The Right Questions

An Introduction to Coaching

coaching

Why I Coach

I love coaching because I am passionate about equipping people to more effective in whatever it is they want to achieve.

It is a pleasure to work with smart, motivated people who have high aspirations and the drive to achieve their goals.  The people I work with generally are looking for improvement, balance and success in all spheres of their life, knowing that getting this right makes them happier people as well as better leaders.

I know coaching is effective because, as well as the scientific evidence, as I have seen the positive changes in my life and others as a result of coaching.

For more on the evidence on coaching, have a look at this scholarly article:

https://www.ncbi.nlm.nih.gov/pmc/articles/PMC4853380/

Or watch this TED talk:

https://www.ted.com/talks/atul_gawande_want_to_get_great_at_something_get_a_coach#t-988662

 

What is Coaching?

Coaching for me is all about facilitating effectiveness.  As Sir John Whitmore said, it is ‘unlocking people’s potential to maximise their own performance’.

You can read more about the definition of coaching and how it differs from mentoring here:

What is the Difference Between Coaching and Mentoring?

 

The Importance of Values

How we think and act, the decisions we make, are largely dependent upon our assumptions and beliefs.  Therefore our values become our compass as we navigate through life.  I think it is very important and rewarding to explore values, in order to understand ourselves.

For me, this is expressed in:

  • Being values centred. Understanding and living by core beliefs and values.
  • Coaching effectiveness. Developing the full potential of self and others.
  • Being mission focussed. Keeping the end in mind; being focussed on the next goal and determined in gaining progress.
  • Providing diplomatic leadership. Serving to lead; by example but with humility.
  • Having an international strategic outlook. The world is at our front door, so travel light and leverage small tactical gains to win long-term strategic success.

You can read more about the importance of values by following this link:

https://therightquestions.co/what-are-values-and-principles-and-how-do-they-determine-why-we-do-things/

 

Coaching is a Relationship

To understand coaching you have to experience it.  That is why I get the vast majority of my clients through referrals of people that I have coached.  When someone is referred to me I offer an initial session of at least 90 minutes where they can experience coaching first hand and all parties can decide that the coaching partnership is the right thing.

Coaching is a relationship developed by 4 Cs:

  • Competence keeps it professional,
  • Character keeps it effective,
  • Chemistry makes it fun, and
  • Confidentiality maintains trust.

 

Coaching Should Provide a Thinking Environment

I am primarily a coach, rather than a mentor.  As a coach I am not seeking to impose my answers but rather I endeavour to create the best thinking environment for the coachee.  I have been greatly influenced by Nancy Kline’s approach to coaching as outlined in her excellent book, Time to Think.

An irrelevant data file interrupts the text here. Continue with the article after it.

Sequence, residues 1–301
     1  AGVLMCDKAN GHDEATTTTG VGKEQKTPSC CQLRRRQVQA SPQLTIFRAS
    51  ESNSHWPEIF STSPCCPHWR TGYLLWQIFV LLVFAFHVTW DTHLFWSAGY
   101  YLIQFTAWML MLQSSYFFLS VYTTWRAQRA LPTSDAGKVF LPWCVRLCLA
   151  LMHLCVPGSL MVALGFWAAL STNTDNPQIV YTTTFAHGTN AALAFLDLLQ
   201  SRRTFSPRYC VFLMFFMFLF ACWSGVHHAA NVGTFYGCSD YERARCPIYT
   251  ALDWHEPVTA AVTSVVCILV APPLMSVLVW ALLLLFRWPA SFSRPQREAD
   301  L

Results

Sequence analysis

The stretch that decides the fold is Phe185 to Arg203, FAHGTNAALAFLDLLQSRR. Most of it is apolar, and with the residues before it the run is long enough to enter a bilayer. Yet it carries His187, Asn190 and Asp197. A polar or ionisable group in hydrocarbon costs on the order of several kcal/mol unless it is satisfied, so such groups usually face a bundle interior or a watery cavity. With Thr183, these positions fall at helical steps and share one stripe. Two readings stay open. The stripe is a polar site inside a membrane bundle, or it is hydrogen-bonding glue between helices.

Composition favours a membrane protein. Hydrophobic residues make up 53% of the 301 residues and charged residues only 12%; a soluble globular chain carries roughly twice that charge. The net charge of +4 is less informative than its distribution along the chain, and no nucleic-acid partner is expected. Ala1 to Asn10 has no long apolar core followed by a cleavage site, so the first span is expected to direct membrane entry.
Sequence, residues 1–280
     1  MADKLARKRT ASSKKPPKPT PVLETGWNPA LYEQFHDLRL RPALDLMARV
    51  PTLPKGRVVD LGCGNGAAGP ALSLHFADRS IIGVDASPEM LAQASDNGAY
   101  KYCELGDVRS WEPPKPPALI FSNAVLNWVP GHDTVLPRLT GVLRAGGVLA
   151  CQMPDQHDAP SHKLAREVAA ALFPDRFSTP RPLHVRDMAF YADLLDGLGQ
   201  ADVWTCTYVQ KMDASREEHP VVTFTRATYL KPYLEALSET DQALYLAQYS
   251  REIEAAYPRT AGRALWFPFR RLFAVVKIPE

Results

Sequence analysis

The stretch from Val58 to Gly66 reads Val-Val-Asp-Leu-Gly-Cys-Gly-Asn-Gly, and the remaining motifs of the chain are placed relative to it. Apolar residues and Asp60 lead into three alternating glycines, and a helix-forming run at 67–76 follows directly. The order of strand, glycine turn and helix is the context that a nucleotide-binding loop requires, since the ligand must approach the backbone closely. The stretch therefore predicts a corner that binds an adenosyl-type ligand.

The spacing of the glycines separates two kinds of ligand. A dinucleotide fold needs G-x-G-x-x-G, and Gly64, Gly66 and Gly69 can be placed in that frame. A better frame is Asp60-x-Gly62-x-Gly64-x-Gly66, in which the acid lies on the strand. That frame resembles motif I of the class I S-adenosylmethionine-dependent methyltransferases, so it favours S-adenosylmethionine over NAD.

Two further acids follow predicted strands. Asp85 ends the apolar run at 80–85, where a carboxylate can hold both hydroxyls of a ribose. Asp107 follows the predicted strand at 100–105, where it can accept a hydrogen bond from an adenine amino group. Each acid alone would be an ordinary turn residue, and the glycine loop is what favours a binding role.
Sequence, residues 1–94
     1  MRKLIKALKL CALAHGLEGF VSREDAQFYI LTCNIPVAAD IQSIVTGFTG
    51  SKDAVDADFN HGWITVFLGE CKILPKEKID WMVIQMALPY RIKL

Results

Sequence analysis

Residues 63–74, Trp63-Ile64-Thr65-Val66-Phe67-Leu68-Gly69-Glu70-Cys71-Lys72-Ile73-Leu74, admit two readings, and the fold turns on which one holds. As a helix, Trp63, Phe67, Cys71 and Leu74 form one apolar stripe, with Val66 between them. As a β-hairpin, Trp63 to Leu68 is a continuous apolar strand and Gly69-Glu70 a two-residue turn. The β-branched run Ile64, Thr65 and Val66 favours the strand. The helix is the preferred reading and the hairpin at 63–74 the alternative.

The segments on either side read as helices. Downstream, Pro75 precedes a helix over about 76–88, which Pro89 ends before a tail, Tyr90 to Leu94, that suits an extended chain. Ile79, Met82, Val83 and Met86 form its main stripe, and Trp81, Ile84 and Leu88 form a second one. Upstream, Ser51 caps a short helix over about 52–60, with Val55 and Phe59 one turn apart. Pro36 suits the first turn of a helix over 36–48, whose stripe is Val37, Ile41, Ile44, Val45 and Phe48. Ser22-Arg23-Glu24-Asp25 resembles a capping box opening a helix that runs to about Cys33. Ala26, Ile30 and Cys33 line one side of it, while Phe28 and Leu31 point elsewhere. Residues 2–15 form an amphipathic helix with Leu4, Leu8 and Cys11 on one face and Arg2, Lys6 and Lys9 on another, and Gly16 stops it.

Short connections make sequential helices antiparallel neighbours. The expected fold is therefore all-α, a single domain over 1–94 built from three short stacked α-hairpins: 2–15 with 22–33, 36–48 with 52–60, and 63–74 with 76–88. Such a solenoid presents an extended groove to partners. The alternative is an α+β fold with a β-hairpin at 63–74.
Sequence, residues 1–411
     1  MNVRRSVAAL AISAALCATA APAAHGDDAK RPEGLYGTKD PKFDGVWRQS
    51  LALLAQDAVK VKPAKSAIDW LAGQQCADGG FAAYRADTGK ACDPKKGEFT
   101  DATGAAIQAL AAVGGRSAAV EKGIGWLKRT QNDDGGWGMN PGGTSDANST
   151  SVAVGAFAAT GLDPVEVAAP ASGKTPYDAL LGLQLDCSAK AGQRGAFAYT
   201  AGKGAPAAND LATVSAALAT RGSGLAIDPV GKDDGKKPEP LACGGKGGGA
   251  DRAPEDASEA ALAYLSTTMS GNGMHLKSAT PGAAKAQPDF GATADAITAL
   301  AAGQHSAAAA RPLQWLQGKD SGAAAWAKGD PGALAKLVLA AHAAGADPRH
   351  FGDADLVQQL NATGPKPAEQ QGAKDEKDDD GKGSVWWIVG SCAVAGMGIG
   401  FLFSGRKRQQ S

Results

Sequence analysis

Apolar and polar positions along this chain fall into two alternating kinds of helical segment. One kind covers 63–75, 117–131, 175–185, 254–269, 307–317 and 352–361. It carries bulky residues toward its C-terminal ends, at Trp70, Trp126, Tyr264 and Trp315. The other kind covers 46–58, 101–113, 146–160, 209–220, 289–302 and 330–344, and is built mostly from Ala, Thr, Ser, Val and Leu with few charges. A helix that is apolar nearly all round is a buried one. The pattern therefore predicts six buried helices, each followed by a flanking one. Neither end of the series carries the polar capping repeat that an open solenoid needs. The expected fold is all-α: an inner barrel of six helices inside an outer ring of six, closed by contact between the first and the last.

You can find out more at this link:

http://www.timetothink.com/thinking-environment/the-ten-components/

 

Walking Coaching

I coach in many and various ways, both in person and remotely, but my preferred way is coaching one-to-one, while walking.

Part of this is because I love getting outside and being active.  But it is not just personal preference.  We spend a lot of time in offices, on devices and caught up with the busyness of life.  Getting out for a walk is an antidote to all of that and therefore can open up new perspectives.

The metaphor that life is a journey is a popular one because it is true in so many senses.  Coaching is about going on a journey together and walking helps to embody this sense of purpose, direction and forward momentum.  This physiological approach has a positive effect on our psychology.

If you like this approach you are in good company.  Many highly respected and successful people have discovered the power of going for a walk to think, be creative and productive.  Famous examples include businessman Steve Jobs, Nobel Prize winning scientist Daniel Kahnemann, and poet William Wordsworth.

You can read more about the benefits of walking here:

https://therightquestions.co/the-surprising-power-of-going-for-a-walk/

 

Continual Improvement

Coaching is a journey for the coach as well as the coachee.  I continually seek to develop myself and therefore I have my own coach.

I have leadership responsibilities outside of being a coach.  As well as running my own business I lead in various other contexts to make sure that I am keeping relevant and putting what I say into practise.  As per Stephen Covey’s 7 Habits of Highly Effective People, this is part of my work to ‘sharpen the saw’.

 

How Long and How Many Coaching Sessions Should you do?

There is no one size fits all approach to coaching.  I do not have a fixed number of length of sessions; instead I tailor a programme that suits the coachee and what they want to achieve.

I prefer to book sessions for longer periods of time, most frequently 60-90 minutes, in order to give space for some really good thinking, but this is a guideline not a rule.  Sometimes it will take a day to explore an issue in depth, at other times a quick 5 to 10 minute phone call is all someone needs.

Because of this bespoke approach and the desire to commit the appropriate time to them I keep my number of clients small.  This means I have to be selective in whom I coach.

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